October 24, 1943 - March 4, 2022
Tombstones indicate the date of a person’s birth, the day of first breath, and the date of death, the day of last breath. But it is the small dash between these two dates that make a difference to family, friends, and everyone else whose lives have been touched by this one life. Wilfredo Daffon Dirilo October 24, 1943 - March 4, 2022 Wilfredo “Willy” Daffon Dirilo was born in Ormoc City, Leyte in 1943 and passed away in San Diego, California in 2022. The life he lived between those two dates, as indicated by this one small dash, gives us much reason to honor him and his memory. Willy was the sixth child in a brood of one sister and six brothers to Juan and Rosario Dirilo. Willy was born at the height of World War II and during the Japanese occupation of the Philippines. He was a very cute kid with a dimpled smile. His almond eyes and skin color could pass him off as a Japanese boy. One day, when he was between one to two years old, his mother could not find him anywhere. It turned out that he was “borrowed” by homesick Japanese soldiers, who missing their children back home, took him to their barracks. They later returned Willy, all freshened up, scented with baby powder, and with pockets full of candies. Willy was very close to his mom. She would cook rice cakes, which Willy and his siblings would sell. Willy would be allotted an allowance from these sales, which he would save to get himself some tailored clothes. Yes, he already had a keen sense of men’s fashion even at an early age. Due to the war, Willy’s father, Juan, was mistakenly thought missing and dead, and therefore did not receive an inheritance from his parents. To make up for this, Juan’s sisters offered to fund his children’s schooling. Willy’s siblings later became a doctor, an accountant, a US Navy, and an engineer. Willy also dreamed of becoming a professional like his older siblings. He wanted to become a lawyer. He valued education as his father instilled in them. However, funds started dwindling and later stopped when it was Willy’s turn to attend university. Willy’s eldest brother, who was already then married and had a family of his own, invited him to come to Manila. There his brother taught him a new trade: custom-tailoring. Soon after, Willy worked in a well-known tailoring company to hone his craft, and there he met Remedios “Remy” whom he later married. After they had their first two children, they decided to build their own custom-tailoring business. Thinking that they have better opportunities in Leyte where Willy’s sister was a practicing physician, the couple set back to Tacloban City to build their small business. They are a young couple with only their skills and hard work as collateral, but they were willing to take the risk. Willy and Remy were true partners in life and business. They both would work until the wee hours of the morning, only grabbing an hour or two of sleep before starting early in the day again. Both committed to achieving their goal. Remy managed the finances, while Willy took charge of the business operations. When their fifth and youngest child was born, their small business has moved its operations from a rental apartment to their very own commercial building. Their business name “Jodirs” – short for their eldest son’s name: Jojo Dirilo, became the prominent name in town for custom-tailored suits. Politicians and professionals would have their suits tailored from Jodirs. Foreigners in Leyte would frequent Jodirs for their tailored clothes, and some would request these to be mail ordered to their home country. Willy was even offered a partnership to expand the business in the US. Willy lived by the principle of giving his best on whatever task or profession he was given no matter how humble it may be while trusting that God will take care of the rest. As Willy co-managed his business with excellence, so did he manage other areas in his life. Willy and Remy made sure that their family would consistently be well provided for, and not experience the lack they had in childhood. Remembering the importance of having a good education, he and his wife worked to ensure that their children were able to study in good schools. He also sent himself to law school while managing the business. He had to forego taking the bar exams though since this would mean that he would have to take off from work to review, which would significantly affect the business. He decided that sending his children to school and helping them pursue their dreams would have to take precedence over his dream of becoming a lawyer. Willy, in partnership with his wife, did what they can do to help others in any way they can. Sponsoring college education extended to his wife’s siblings, and even to distant relatives and friends. The building where Jodirs operated also became a place of refuge and a home away from home for many. Anyone needing help, a place to stay, a meal, or work was always welcomed. Willy was very encouraging and very generous, especially to those who were hungry to pursue their dreams but without the means. As the business grew, Willy’s network of friends grew as well. He became actively involved in the Freemasonry organization where he became a twice past worshipful master and a district lecturer. He was active in charitable causes through this organization. Willy was also a notable sportsman. It became a common saying in the family that Willy excels in whatever he does. The many golf tournament trophies that he brought home were proof of that. He was also an astute poker player, a remarkable billiard player, and a fine swimmer. As his mom, Willy was also a great dancer. Willy loved to be abreast of current events. He loved listening to the news, and his memory was sharp for a very long time. If you gave him a list of random numbers verbally, he would recite them all from memory. He was very observant and quiet, but he can converse with you on many subjects knowledgeably. Through it all, Willy remained humble. He was not one to brag of his many accomplishments, nor would even speak of the many times he helped someone. He was not a doormat either. He would give you a one-liner or two to let you know you have gone beyond the boundaries. But he was very forgiving; he was never one to hold a grudge. Although his body started to weaken and he was unable to do the usual activities he used to love in his later years, his mind remained sharp and his faith in God sharper. The dash in the tombstone though small signified the times that mattered most. That small dash between the date of Willy’s birth and the date of his passing pointed to the magnitude of the life he led, the lives he brought up, and the lives he had touched. So how did Willy spend his dash? He lived passionately, loved fully, and gave generously of himself.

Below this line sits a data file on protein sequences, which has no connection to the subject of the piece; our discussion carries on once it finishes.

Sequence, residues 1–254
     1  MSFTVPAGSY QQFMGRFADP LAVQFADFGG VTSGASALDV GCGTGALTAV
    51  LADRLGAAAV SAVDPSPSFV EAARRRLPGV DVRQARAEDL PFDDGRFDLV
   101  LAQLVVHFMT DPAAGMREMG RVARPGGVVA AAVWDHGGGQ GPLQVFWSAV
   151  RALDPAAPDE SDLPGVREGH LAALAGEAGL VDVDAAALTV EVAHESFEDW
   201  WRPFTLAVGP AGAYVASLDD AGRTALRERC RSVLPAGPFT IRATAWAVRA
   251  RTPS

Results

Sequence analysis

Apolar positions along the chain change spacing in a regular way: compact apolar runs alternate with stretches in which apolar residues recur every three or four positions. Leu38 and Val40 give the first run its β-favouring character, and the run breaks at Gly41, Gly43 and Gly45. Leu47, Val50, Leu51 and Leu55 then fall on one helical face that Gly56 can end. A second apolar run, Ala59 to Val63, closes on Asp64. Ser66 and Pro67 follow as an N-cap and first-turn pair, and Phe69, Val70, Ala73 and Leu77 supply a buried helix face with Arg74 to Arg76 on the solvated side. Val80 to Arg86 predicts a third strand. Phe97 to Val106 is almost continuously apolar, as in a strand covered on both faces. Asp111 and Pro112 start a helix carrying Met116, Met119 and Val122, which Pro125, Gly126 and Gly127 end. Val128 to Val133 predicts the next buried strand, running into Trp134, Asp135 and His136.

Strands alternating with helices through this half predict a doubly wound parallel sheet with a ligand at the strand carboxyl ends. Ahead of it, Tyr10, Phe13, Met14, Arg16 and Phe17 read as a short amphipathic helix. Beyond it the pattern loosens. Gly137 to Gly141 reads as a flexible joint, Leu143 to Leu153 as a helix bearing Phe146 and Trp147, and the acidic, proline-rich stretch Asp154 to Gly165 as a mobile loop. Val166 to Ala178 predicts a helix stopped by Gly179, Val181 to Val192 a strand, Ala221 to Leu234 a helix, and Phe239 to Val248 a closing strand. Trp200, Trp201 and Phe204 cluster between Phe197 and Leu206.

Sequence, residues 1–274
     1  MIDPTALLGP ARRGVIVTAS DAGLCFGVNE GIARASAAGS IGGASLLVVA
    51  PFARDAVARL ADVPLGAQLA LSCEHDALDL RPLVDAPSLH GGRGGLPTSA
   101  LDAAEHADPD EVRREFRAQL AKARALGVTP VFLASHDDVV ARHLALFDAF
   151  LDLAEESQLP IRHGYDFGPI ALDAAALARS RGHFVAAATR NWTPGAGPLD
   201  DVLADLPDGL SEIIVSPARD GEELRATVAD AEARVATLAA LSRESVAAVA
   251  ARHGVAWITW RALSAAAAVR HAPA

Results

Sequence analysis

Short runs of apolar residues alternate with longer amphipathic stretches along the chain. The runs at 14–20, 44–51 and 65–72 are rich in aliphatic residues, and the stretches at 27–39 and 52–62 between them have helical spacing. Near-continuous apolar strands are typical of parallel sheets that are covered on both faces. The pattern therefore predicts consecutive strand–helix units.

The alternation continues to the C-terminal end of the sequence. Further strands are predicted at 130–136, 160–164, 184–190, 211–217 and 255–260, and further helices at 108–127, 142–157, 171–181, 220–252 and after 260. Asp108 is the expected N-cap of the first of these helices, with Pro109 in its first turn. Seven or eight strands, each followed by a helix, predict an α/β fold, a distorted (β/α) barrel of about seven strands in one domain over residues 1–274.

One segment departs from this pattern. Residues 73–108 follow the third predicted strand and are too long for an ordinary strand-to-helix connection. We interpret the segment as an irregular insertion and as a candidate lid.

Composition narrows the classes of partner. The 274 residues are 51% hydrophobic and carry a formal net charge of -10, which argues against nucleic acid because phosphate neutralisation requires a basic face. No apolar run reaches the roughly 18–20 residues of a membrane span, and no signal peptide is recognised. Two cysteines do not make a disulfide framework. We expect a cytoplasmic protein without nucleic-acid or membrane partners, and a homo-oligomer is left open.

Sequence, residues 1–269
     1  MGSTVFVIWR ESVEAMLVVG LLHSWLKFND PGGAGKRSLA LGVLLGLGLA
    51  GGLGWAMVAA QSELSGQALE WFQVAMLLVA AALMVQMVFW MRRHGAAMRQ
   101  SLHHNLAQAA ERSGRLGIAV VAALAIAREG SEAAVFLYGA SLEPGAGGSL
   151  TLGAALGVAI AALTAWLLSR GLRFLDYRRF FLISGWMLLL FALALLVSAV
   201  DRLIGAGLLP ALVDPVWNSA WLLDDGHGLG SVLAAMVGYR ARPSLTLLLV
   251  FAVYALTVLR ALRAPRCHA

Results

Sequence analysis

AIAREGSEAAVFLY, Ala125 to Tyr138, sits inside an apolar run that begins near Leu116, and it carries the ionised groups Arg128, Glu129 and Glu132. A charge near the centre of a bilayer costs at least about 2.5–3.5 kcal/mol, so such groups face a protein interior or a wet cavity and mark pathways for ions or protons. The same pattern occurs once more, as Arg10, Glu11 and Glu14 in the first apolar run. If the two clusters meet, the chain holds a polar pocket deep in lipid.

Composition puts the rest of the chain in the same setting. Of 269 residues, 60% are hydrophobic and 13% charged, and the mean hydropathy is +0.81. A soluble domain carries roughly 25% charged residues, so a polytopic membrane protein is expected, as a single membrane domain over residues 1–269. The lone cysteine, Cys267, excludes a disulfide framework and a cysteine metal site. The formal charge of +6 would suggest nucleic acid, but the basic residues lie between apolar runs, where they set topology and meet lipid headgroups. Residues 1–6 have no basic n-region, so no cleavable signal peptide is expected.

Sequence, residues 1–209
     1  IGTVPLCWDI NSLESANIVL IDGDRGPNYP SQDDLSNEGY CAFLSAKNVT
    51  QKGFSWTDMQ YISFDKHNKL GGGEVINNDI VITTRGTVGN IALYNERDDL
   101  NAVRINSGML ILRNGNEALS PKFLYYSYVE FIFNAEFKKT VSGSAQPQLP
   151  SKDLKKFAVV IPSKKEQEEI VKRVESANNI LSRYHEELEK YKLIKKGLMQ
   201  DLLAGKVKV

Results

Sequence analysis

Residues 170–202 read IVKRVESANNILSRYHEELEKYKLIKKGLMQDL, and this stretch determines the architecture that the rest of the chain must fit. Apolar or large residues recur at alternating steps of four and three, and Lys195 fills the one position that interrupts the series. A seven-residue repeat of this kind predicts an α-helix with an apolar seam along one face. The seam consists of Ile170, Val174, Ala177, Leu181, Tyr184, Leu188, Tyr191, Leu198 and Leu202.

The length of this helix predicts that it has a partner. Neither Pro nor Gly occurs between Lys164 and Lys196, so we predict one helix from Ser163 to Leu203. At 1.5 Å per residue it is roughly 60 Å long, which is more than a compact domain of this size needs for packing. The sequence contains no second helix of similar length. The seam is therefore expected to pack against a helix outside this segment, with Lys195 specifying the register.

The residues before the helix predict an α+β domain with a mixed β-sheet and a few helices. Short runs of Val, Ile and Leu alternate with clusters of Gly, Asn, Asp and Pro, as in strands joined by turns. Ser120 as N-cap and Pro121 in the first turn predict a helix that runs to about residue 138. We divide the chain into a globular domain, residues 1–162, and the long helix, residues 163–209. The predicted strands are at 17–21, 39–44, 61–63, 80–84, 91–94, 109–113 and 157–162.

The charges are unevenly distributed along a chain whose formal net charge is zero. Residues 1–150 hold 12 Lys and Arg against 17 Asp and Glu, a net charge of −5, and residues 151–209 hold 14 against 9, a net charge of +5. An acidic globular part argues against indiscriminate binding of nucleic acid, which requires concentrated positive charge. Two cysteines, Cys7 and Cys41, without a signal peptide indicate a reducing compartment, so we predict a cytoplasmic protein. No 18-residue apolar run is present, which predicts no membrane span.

Tombstones indicate the date of a person’s birth, the day of first breath, and the date of death, the day of last breath. But it is the small dash between these two dates that make a difference to family, friends, and everyone else whose... View Obituary & Service Information
Obituary & Service
Tombstones indicate the date of a person’s birth, the day of...View More
Flowers & Gifts
Send flowers to the Dirilo family.Send Flowers